In our fast-paced society, with technology and skyscrapers in mind, everything tends to become urbanized. Little do we realize that amidst the changes, our need for food remains constant and most of our food sources are still the same, livestock and produce. Though some things have changed minimally and some have not, the bigger question is with urbanization, where can we still get our food? Does it truly come with a price?

It seems we have been preparing for these changes all along. With economic development and industrialization inevitably happening, urban farming has been gaining popularity, addressing urban environmental management issues we currently face.

Danny Agliam is a game changer in Philippine agriculture. He was the champion on TOFARM, Search for Outstanding Farmers of the Philippines, for the Urban Farming category in 2014. He has been introducing Benguet to urban farming and the idea that limited space is not a hindrance in harvesting your own organic produce. Murphy Report had a chance to talk to him about his very own rooftop garden, urban farming, going organic, and aquaponics.
 


 

Kuwentuhan niyo naman po kami tungkol sa inyong trabaho.

May-ari po ako ng rooftop garden dito sa tabi ng City Market ng Baguio City. Ako po ay kawani ng Department of Agriculture in Cordillera. Naisipan kong gumawa ng ganito kasi gusto ko pong ipamahagi ang anumang natutunan ko sa pagtatrabaho ko sa gobyerno at mga trainings ko sa abroad. Gusto ko po ipamahagi sa mga may bahay dito na walang pagtaniman at hindi naniniwala na pwedeng magtanim sa kahit anong klaseng pataniman, kahit maliit lang na lupa pwede po dito sa Baguio City.

Paano po nagsimula ang inyong rooftop garden o ang paggamit ninyo sa konsepto ng urban farming?

Ang una po naming nailagay dito sa rooftop namin ay mga manok. Manok na makakaain at maiuulam. Kaso hindi namin pinatagal `yun kasi kapag bumabagyo, kawawa ang mga manok. Namamatay at hindi na makakain. So naisip naming gumawa ng greenhouse upang makapagtanim ng iba’t-iba klaseng gulay, upang makakain kami ng sariwa, masustansya at safe na gulay.

Kelan niyo po ito sinimulan?

`Yung greenhouse na ito, pinatayo namin sa kalagitnaan ng 2010.

Gaano po kalaki ang inyong rooftop garden?

6×8 meters lang.

Bakit niyo po naisipan na dito sa Benguet manatili at dito na rin gumawa ng rooftop garden?

Unang-una, ako po ay taga Tabuk City sa Kalinga. Nagaral ako dito sa Baguio pero dati pong farmer kami sa bayan. Noong una, hindi ko alam na mapapasok ako sa agrikultura. Napili ko din na dito na sa Baguio magtanim kasi dito na ko nakapangasawa at dito na kami namalagi. Tapos dahil nga madaming nagsasabi na hindi na safe ang pagkain, naisip na namin itong rooftop na pagtaniman upang meron kaming malinis at sari-saring pagkain para sa aming pamilya. Bukod pa diyan, alam naman natin na ang Benguet ay vegetable area.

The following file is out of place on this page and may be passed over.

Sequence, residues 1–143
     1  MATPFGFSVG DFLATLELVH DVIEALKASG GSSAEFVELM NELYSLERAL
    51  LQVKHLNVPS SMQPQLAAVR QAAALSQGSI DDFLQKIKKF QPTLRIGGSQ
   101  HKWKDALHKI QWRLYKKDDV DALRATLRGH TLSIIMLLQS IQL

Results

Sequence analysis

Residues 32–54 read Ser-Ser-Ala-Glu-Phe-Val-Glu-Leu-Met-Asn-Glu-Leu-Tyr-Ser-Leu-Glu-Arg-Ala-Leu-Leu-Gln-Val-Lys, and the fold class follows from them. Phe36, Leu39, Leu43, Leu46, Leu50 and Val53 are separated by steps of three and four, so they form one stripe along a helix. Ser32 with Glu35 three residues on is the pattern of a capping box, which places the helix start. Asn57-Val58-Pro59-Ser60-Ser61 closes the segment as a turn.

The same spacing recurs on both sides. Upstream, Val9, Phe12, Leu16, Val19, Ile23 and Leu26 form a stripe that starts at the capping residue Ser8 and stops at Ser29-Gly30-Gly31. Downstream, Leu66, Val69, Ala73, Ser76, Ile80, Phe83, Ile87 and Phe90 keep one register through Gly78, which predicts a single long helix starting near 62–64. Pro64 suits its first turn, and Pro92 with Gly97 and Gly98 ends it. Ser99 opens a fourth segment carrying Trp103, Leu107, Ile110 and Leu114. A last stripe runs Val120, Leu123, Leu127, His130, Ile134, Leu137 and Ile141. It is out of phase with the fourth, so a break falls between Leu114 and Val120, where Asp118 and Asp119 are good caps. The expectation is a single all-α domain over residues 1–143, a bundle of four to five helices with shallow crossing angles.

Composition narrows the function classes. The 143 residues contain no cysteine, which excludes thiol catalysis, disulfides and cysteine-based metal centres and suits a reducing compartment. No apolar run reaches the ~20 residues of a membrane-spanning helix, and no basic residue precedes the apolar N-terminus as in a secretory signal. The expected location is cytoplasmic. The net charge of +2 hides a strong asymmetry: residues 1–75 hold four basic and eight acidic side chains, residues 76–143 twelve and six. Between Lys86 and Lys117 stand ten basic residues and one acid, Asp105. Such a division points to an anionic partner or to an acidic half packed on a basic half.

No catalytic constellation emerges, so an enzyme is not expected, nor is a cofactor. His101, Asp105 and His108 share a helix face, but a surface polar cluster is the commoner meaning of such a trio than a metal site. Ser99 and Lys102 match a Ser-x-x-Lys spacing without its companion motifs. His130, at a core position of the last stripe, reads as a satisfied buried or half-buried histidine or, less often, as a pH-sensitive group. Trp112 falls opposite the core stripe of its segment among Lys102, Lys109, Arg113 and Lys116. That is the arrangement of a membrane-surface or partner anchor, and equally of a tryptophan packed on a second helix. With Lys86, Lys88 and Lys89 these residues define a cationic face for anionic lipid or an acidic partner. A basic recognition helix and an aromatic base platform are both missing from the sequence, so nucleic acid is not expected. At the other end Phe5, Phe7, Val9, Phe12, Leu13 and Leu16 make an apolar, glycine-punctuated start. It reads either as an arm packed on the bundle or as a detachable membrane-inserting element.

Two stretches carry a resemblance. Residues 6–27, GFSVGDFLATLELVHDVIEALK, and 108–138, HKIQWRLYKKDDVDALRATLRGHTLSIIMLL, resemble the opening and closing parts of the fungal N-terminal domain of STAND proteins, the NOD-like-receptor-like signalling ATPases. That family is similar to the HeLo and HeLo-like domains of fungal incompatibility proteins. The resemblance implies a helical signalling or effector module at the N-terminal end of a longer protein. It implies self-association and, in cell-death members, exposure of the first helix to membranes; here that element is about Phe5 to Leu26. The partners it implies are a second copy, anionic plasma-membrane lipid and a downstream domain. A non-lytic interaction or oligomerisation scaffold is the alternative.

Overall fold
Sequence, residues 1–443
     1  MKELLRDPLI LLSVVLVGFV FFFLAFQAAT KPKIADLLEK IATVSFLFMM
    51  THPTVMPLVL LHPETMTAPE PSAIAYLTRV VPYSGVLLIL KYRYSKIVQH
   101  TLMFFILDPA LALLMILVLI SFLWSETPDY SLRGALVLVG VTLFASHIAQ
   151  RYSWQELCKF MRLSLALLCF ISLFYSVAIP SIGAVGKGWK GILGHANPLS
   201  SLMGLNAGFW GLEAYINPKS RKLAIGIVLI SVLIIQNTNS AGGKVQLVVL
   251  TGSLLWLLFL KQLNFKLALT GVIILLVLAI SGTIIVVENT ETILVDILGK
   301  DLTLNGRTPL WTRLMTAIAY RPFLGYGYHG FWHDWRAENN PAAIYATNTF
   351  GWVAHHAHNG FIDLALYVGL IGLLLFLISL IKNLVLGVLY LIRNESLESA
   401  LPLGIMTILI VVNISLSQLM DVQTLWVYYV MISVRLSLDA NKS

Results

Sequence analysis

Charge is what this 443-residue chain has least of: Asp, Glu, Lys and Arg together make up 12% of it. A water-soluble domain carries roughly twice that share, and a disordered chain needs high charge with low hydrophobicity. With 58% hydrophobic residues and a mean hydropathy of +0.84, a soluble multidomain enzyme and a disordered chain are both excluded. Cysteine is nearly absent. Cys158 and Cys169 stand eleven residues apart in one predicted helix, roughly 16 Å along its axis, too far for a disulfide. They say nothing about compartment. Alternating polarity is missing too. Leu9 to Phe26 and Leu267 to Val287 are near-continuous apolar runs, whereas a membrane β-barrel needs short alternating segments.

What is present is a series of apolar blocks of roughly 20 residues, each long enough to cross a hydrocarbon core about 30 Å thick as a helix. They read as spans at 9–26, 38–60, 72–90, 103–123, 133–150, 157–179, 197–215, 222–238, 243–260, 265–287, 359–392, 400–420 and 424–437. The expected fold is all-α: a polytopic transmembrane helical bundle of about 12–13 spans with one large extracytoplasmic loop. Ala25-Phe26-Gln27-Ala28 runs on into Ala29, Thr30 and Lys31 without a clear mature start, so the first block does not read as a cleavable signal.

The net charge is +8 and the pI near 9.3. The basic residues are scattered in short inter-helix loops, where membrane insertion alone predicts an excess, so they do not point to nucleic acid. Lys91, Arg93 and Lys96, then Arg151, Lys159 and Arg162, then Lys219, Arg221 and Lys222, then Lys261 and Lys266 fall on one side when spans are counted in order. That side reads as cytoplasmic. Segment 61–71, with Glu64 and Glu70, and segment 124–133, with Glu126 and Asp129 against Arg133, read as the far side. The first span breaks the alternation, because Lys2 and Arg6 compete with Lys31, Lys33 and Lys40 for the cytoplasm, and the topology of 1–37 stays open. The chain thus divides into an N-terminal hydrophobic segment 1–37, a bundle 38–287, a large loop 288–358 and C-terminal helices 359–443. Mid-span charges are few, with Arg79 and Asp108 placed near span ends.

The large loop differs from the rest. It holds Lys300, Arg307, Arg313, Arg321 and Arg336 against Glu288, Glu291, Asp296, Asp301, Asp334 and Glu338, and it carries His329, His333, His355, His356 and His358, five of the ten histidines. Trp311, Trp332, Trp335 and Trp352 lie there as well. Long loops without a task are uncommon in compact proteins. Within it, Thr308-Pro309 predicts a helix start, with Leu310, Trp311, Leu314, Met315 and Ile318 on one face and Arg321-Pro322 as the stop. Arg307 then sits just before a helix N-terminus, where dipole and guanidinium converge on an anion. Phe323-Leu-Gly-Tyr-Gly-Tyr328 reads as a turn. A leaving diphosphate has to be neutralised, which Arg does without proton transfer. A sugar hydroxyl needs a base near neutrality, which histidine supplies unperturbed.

Hindi madali kasi kailangan i-timing mo ang tamang panahon sa pagtatanim. Hindi po puwede na basta nandito ka lang, magtanim ka lang. Dapat mag crop rotation kami para hindi pare-parehas ang tinatanim namin. Hindi monocropping. Para sa minerals at vitamins ng lupa at yung mga insekto, kung meron man, hindi mabubuhay. Ganun po ang sistema dito.

Ano pong mga halaman ang nasa inyong garden or farm?

Ang aming tinatanim dito ay `yung mga tinatawag nating “highlands”. Ang highlands ay mga salads, mga lettuce, mustasa, strawberries, and assorted herbs. Meron din namang lowland vegetables na medyo mainit ang kailangang temperatura gaya ng sitaw, ampalaya, halo-halo po ang nandito sa amin.

Ano po ang naging karanasan at pasubok ninyo sa pagtatayo nito?

Naging mahirap po ang aking karanasan noon dahil I had to spend 3 years to perfect things on my rooftop garden. At mula noon, maraming dumadayo, maraming pumupunta dito na natuturuan ko. I have been sharing everything to them at madami din kaming natutunan.

Kamusta naman po ang pagtatanim at pagpapalaki ng mga halaman?

Hindi madali kasi kailangan i-timing mo ang tamang panahon sa pagtatanim. Hindi po puwede na basta nandito ka lang, magtanim ka lang. Dapat mag crop rotation kami para hindi pare-parehas ang tinatanim namin. Hindi monocropping. Para sa minerals at vitamins ng lupa at yung mga insekto, kung meron man, hindi mabubuhay. Ganun po ang sistema dito.

Nasabi niyo po na dati na mga manok ang inaalagan ninyo dito. Ngayon po, bukod sa pananim, meron pa po ba kayong ibang inaalagaan dito?